Music by Richard Rogers
Book and Lyrics by Oscar Hammerstein 11
Based on Sweet Thursday by John Steinbeck
Adaptation by David Ives
The Union Theatre, 204 Union Street, Southwark, London SE1 0LX to 31 August 2013
Tues – Sat 7.30pm Mat Sat & Sun 2.30 pm
TICKETS: 0207 261 9876
www.ticketsource.co.ukRuns 2hr One interval, to 31 08 13
Review: William Russell, 02 08 13
Not the stuff dreams are made of.
Even Rogers and Hammerstein did not hit the jackpot every time. Pipe Dream, based on John Steinbeck’s novel, Sweet Thursday, a sequel to the more celebrated Cannery Row, was the duo’s seventh collaboration – and a flop. It ran for some 250 performances in 1955 on Broadway, but that was due largely to the fact that they had allowed advance group bookings, something they did not usually do. Once the reviews came out the show was doomed and a financial disaster for all concerned.
It tells how marine biologist Doc returns to Cannery Row after the Second World War to work on his research and is set up by his friends, who think he needs a woman in his life, with Suzy, a newly arrived prostitute in the local cat house.
The problem with the show is that none of those involved in creating it could face having a whore as the leading lady so Suzy is turned into some sort of juvenile delinquent given shelter by Fauna, the joint’s big hearted madam. All credibility as a result simply flew out the window, and whether the bashful, bespectacled Doc gets the stroppy Suzy or not is hardly worth bothering about and by default the role of Fauna becomes the lead.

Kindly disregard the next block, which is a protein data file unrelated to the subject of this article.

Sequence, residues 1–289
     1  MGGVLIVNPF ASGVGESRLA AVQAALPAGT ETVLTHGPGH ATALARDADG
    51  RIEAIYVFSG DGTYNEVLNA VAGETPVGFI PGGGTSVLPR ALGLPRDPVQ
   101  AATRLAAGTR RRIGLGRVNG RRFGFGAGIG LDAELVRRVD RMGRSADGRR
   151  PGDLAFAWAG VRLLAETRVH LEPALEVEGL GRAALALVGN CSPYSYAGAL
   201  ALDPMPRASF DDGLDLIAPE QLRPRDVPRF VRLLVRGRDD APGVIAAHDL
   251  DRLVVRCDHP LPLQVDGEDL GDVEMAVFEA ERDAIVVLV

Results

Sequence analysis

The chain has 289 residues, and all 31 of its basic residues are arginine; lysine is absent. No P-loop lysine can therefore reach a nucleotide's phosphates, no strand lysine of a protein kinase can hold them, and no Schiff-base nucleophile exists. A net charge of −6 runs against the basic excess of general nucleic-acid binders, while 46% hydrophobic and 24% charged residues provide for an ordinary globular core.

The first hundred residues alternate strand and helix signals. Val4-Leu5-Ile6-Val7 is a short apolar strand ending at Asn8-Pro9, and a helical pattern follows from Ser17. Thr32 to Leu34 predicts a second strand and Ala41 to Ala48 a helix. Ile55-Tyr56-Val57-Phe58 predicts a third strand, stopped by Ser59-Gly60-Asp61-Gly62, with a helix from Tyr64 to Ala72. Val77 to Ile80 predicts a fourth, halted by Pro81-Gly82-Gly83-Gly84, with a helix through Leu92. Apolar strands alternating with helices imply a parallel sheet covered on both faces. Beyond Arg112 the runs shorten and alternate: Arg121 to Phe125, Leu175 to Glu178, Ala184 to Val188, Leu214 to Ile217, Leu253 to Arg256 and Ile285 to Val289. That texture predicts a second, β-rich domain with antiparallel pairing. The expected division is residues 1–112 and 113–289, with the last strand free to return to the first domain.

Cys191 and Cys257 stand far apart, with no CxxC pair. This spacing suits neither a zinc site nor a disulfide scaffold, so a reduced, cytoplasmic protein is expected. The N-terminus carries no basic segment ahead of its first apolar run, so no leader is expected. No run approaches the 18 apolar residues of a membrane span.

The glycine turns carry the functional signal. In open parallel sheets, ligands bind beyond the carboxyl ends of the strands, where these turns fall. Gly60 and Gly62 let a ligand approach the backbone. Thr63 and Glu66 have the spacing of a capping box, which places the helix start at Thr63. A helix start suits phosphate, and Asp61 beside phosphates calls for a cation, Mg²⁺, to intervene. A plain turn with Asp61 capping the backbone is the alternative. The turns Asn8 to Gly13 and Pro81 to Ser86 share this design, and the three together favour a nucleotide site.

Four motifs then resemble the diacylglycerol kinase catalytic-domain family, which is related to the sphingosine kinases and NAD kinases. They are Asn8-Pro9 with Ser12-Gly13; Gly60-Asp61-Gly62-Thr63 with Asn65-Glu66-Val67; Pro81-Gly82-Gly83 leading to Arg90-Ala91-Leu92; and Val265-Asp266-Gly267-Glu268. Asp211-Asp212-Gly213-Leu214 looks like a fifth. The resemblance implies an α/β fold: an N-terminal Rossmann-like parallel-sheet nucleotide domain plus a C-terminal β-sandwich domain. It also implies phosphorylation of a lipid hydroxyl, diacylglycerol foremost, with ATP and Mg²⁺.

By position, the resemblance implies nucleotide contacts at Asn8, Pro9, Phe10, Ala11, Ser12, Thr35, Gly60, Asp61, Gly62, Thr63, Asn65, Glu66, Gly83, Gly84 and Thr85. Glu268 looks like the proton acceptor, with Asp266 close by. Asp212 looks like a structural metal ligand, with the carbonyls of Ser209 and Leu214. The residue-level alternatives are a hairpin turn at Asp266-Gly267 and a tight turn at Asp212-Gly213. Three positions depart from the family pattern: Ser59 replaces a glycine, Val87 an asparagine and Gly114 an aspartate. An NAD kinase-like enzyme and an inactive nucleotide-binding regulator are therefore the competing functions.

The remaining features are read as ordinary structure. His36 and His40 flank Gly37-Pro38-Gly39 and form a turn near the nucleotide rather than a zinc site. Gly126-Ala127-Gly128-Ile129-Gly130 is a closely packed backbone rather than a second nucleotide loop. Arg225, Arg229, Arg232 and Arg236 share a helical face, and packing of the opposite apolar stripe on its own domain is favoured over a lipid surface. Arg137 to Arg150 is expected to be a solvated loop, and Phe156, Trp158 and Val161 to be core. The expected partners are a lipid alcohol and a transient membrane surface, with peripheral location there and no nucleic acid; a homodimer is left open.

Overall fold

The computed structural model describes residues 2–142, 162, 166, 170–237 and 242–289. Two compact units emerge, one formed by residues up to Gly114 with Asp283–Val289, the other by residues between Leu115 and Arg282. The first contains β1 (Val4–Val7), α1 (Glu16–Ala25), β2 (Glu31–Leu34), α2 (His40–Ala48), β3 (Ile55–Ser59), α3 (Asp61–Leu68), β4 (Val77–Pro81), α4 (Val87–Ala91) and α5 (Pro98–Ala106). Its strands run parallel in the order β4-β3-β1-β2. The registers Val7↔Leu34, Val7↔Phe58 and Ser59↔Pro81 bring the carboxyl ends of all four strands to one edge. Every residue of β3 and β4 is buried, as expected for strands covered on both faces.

However, Sasha Regan’s direction is very assured, it is well dressed and set, and there is no reason for not giving the show, flop or not, an airing on a stage. But it is not a lost, unappreciated gem.
Regan is lucky in her leading man, Keiran Brown, who plays dopey Doc. He is handsome, butch, sings extremely well, every word is clear, and is the best thing in the show. Charlotte Scott is pleasing as the feisty, but improbable Suzy, and the assorted chorus boys and girls work hard as the layabouts on Cannery Row and the broads of the cathouse. The main problem this production has, other than the flaws inherent in the show, is that Virge Gilchrist as Fauna, the madam with the heart of gold, looks much too svelte and cultured. It is a part that calls for a broad, a Shelley Winters or an Adele Jergens, not a lady. Gilchrist’s singing is fine, although she doesn’t quite have the bottom notes, but she is woefully miscast, more the doyenne of a Sussex teashop than a Monterey whorehouse.
Rogers has written some decent songs, although none are particularly memorable and one or two recall past glories, but the book by Hammerstein is dire. Regan was brave to stage the show and collectors of forgotten musicals should go post haste because the chances of seeing it anywhere else are almost certainly slight.
Doc: Keiran Brown
Suzy: Charlotte Scott
Fauna: Virge Gilchrist
Mac: David Haydn
Hazel: Nick Martland
Joe: John Hicks
Jim Blaikey/Dance Captain: Shane Landers
George Herman: Joshua Lovell
Ray Bush: Matt Parsons
Eddie: Christopher Connor
Johnny: Mitchell Jarvis
Milicent/Cover Suzy: Michaela Cartmell
Agnes: Rebecca Fennelly
Mabel: Catherine Sagar
Marjorie: Georgie Burdett
Emma: Alexandra A Lloyd-Hamilton
Kitty: Clare Duffy
Director: Sasha Regan
Choreographer: Lizzie Gee
Musical Director: Christopher Peake
Designer: Ellie-Rose Hughes
Lighting Designer: Tim Deiling
Assistant Director: Kirk Jameson